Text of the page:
For longer books, I have often spent one to two years before a final draft satisfies me. There are continual rewrites. For shorter novels, especially those with tight deadlines, I may work on the research at the same time I am writing, and complete the first draft in about six months. It can be all-consuming!

Which authors can we find in your library?

I have hundreds of books arranged by topic, rather than author. So if I’m looking for a book on Jewish history, or Native Americans, or a favorite novel, I know just where to find the appropriate section. For my personal reading, I am particularly fond of historical novels, and within that category am drawn to stories about artists, authors, and events that changed the world. Some of my favorite writers include Susan Vreeland, Elizabeth Gilbert, and Christina Baker Kline. However, I can’t be pinned down to just a few favorites. I am a voracious reader and constantly have a pile of books that have captured my interest.

What advice would you give an aspiring author?

My advice depends on the age of the person asking! For young people, the best way to prepare for a writing career is to be a great reader. It’s the perfect way to discover favorite types of books, as those will likely become the genre they will most enjoy writing. Reading also introduces lots of exciting vocabulary that will help them craft the story they want to tell. I also encourage aspiring writers to jump into as many experiences as they can. Learning to ride a horse, going camping, or taking music lessons, can all become sources of future background information for a great story.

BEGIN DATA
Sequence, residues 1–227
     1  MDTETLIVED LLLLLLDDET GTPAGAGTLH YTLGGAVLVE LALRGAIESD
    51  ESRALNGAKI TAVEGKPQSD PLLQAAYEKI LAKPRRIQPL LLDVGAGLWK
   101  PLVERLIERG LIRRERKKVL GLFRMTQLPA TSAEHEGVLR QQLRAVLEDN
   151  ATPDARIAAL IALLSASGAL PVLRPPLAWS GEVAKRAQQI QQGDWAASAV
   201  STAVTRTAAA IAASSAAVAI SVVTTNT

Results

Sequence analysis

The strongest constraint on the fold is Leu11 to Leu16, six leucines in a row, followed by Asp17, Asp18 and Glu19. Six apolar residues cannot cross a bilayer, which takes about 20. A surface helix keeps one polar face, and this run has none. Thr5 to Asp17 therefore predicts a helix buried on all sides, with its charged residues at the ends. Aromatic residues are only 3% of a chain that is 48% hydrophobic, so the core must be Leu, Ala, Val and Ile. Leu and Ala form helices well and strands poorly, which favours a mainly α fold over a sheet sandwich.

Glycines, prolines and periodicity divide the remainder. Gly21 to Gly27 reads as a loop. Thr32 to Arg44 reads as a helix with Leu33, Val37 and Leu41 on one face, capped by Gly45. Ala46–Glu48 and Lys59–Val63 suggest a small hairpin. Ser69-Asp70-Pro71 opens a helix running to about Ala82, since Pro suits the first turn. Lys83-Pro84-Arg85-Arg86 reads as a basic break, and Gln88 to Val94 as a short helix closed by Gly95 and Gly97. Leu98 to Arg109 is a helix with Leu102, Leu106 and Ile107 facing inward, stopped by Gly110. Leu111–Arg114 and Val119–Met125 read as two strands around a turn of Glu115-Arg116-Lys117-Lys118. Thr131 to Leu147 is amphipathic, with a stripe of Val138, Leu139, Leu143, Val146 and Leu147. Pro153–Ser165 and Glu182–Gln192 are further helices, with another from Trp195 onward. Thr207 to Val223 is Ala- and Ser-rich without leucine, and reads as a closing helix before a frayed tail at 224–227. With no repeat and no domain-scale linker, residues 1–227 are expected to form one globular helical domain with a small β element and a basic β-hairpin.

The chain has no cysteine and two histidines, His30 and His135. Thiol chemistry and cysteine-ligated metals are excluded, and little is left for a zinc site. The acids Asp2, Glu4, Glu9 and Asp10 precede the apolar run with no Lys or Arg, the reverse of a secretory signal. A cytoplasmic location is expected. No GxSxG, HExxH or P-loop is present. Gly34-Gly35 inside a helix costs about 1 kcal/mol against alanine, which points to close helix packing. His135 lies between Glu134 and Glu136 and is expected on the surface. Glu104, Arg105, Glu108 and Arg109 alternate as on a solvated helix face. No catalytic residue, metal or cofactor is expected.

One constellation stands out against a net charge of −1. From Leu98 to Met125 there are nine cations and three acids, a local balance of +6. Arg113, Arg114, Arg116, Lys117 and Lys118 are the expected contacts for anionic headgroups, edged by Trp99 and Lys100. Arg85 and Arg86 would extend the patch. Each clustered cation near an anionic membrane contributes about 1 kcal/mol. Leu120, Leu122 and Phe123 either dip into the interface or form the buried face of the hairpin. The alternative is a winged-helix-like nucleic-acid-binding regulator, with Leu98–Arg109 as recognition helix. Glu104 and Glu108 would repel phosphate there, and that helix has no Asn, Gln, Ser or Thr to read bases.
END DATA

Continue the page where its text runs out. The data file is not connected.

For both adults and young writers, I recommend keeping a journal. Describe interesting people you meet, places that catch your attention, and jot down your thoughts and feelings about things that happen in your life. One day, those pages will give you some terrific book ideas, or characters and scenes that you can bring to life.

Where can our readers purchase your books?

My books are available through book stores or online. I always recommend that anyone looking for a book support their local indie booksellers whenever possible. I also have copies of my titles and am happy to sign and mail a book to anyone who would like to purchase a book directly from me.

My most popular novels with Jewish themes include the award-winning companion novels Out of Many Waters and One Foot Ashore (1654), and American Girl’s Rebecca Rubin series (1914). My newest historical novel is Walk Till You Disappear, set in Arizona Territory in 1872. Picture books include The Secret Shofar of Barcelona and Speak Up, Tommy!

Please go to my website,, for a more complete listing and description of each of my books. And you can contact me directly at [email protected].

On which Social Media channels can our readers connect with you?

I don’t maintain a regular presence on any social media. However, my website includes a wealth of information, and a direct link to my email. As soon as in-person author visits resume, I will enjoy meeting readers in real time. I answer all emails and letters as soon as possible. So send me your questions, comments, or requests, and I will respond!

Photos: Courtesy of Jacqueline Dembar Greene